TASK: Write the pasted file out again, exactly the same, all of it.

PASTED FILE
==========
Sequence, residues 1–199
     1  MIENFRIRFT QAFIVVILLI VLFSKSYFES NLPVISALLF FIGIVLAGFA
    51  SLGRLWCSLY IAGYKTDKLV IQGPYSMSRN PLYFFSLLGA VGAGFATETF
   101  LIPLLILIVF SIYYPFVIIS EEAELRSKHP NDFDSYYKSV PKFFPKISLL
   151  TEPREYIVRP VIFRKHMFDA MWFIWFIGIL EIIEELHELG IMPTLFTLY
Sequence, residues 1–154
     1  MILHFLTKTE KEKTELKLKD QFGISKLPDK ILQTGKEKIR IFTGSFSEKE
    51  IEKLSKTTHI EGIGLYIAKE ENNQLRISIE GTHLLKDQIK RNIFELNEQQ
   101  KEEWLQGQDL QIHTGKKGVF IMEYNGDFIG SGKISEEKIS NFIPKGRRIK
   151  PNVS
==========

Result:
Sequence, residues 1–199
     1  MIENFRIRFT QAFIVVILLI VLFSKSYFES NLPVISALLF FIGIVLAGFA
    51  SLGRLWCSLY IAGYKTDKLV IQGPYSMSRN PLYFFSLLGA VGAGFATETF
   101  LIPLLILIVF SIYYPFVIIS EEAELRSKHP NDFDSYYKSV PKFFPKISLL
   151  TEPREYIVRP VIFRKHMFDA MWFIWFIGIL EIIEELHELG IMPTLFTLY
Sequence, residues 1–154
     1  MILHFLTKTE KEKTELKLKD QFGISKLPDK ILQTGKEKIR IFTGSFSEKE
    51  IEKLSKTTHI EGIGLYIAKE ENNQLRISIE GTHLLKDQIK RNIFELNEQQ
   101  KEEWLQGQDL QIHTGKKGVF IMEYNGDFIG SGKISEEKIS NFIPKGRRIK
   151  PNVS